By connecting the subway entrance and proposed bus terminal on the underground level, a commercial complex was in turn proposed as the catalyst program. A central courtyard is designed for the maximum vertical connection with the ground floor. This in turn enables a commercial sunken plaza, instead of a completely isolated underground one.
a second level pedestrian passageway
A second level platform is therefore proposed to enable a non-stop crossway with maximum vertical connection to the site. Within several steps, one can easily find himself to be anywhere around the site. The cantilever typology of the architecture together with the canopy designed for the platform would create a desirable outdoor space within the tropical zone.
A list of architectural typology was created specifically to help to gain a better understanding of the capacity of the site. Negotiation between the block morphology and individual enclosure is crucial. The idea of creating a leading model for the rest of the city requires a strong gesture of encompassing the adjacent context while catalyze a higher density of domestic lifestyle. A shifting courtyard typology is therefore chose to help accomplish such ambition. Together with the building in the immediate south, the new intermodal hub defines the edge of the block and introduces a wide range of diversity.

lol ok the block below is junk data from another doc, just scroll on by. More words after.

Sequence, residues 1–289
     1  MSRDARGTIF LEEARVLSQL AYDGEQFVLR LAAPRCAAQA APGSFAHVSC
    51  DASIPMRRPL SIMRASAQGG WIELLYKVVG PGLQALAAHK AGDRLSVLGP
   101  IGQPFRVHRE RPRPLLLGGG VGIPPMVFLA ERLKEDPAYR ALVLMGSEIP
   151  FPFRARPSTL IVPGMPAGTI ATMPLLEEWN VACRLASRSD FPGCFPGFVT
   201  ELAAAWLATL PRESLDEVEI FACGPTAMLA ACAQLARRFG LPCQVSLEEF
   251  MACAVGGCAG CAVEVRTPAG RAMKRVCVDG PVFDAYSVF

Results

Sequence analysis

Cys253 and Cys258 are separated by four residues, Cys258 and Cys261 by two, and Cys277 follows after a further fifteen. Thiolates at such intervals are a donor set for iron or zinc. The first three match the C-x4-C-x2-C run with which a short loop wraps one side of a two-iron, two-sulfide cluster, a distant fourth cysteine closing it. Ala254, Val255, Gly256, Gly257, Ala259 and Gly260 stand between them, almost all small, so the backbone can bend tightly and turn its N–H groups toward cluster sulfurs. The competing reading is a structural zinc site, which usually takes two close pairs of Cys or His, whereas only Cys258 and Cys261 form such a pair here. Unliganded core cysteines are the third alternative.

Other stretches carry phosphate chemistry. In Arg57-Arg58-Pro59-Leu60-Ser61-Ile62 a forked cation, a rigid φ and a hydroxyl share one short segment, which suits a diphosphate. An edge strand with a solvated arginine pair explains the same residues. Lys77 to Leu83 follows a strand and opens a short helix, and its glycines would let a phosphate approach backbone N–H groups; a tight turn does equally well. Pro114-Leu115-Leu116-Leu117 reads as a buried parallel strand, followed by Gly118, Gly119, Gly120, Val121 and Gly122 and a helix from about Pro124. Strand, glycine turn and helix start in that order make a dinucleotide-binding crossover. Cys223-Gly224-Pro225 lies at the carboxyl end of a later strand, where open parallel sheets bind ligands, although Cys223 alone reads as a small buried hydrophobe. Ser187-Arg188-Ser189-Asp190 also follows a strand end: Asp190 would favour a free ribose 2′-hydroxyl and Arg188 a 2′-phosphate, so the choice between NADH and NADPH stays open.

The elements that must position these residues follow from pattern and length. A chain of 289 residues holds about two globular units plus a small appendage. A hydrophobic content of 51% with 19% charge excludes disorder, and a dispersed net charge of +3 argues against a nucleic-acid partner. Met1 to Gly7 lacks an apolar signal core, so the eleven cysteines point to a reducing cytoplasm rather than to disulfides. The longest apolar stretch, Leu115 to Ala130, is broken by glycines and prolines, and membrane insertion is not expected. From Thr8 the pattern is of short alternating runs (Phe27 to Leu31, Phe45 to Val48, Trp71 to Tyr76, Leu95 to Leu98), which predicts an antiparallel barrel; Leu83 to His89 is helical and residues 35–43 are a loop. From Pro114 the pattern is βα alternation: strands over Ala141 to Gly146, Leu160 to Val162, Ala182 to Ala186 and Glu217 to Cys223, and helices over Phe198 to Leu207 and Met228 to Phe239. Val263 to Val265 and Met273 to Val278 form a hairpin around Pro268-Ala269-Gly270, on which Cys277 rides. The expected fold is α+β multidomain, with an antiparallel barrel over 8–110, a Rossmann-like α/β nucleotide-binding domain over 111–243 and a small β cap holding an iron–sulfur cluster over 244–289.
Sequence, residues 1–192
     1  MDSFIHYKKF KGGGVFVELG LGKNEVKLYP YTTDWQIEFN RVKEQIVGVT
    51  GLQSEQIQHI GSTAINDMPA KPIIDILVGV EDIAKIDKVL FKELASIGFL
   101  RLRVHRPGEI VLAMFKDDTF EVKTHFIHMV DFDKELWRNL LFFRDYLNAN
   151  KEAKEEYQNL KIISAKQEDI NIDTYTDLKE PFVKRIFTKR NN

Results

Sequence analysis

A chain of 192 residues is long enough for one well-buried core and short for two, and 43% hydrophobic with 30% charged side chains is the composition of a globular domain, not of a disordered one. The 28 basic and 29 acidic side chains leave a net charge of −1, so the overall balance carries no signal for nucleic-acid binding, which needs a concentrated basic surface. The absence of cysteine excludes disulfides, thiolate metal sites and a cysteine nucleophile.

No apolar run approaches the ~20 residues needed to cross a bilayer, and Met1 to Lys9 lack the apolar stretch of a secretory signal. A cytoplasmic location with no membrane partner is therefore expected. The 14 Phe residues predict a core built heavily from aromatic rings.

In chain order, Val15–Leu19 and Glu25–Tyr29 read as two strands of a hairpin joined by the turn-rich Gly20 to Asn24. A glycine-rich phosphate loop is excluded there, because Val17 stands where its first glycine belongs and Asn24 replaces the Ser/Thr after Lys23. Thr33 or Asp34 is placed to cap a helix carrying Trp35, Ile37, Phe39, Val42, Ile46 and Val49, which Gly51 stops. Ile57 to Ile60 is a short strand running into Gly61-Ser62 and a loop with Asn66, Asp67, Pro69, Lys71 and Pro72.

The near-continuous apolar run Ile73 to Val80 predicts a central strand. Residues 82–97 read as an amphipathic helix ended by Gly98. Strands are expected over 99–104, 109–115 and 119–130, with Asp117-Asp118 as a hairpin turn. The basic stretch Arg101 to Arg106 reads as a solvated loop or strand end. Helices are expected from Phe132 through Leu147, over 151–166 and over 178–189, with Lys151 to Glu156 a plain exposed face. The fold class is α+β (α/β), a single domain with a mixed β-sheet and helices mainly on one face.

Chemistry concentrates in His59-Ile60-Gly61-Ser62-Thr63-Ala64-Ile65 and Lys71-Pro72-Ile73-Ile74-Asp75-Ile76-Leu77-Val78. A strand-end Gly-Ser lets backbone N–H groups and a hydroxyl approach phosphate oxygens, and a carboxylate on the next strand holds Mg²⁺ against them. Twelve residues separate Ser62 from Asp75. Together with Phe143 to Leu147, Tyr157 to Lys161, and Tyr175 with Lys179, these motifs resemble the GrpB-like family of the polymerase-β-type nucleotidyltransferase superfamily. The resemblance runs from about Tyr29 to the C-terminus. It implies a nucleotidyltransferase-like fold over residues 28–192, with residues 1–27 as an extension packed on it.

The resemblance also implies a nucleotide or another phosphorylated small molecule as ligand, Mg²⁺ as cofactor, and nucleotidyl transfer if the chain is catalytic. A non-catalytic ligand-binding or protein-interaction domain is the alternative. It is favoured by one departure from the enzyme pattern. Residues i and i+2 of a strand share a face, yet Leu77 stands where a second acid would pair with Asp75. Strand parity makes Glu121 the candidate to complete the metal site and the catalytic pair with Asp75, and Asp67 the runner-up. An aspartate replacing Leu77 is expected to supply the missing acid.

Phase 2: A Reimagination of the whole city
This general phasing strategy examines how the U-ERRE Campus can reduce its physical footprint. In doing so, the campus can improve its spatial efficiency, provide better classroom and academic spaces that are more aligned with the university’s mission, and create a more contemporary environment for its students, faculty and staff. The diagrams in the following pages visualize the recommendations for the restructuring of the campus, and project its transformation in a five to ten year time frame.
Reconstructing the core of u-erre
The first four phases focus on improved efficiency and optimized classroom footprint. By concentrating auditoriums and classrooms in the center of the university, students can enjoy a higher density study-live lifestyle. New designs of bar shaped classrooms, courtyard shaped auditoriums and parallel-bar shaped offices would capture maximum daylight. Land in between will be reclaimed and prepared for subsequent development.
Re-frame U-erre as the urban core
The second half phases address urban core within a larger scale. By reconfiguring 15 de Mayo street as a pedestrian walk, U-ERRE would start to expand beyond its boundary towards the horizon. The intermodal hub and existing hospital would frame the gateway of the historical territory, while an expansion in north-south direction would link the Alameda to the new student center which sits on the original site of the classrooms.
Urban Design Trajectory
With the development of economy in a global scale, a higher density of the city is inevitable. The idea is to accumulate density along two major public spaces within the historical fabric, while extending domestic lives to the other side of the river. In this sense, U-ERRE as local university plays a major role as providing infrastructure and populated density for the future use, as well as redefining the urban fabric in an organized order.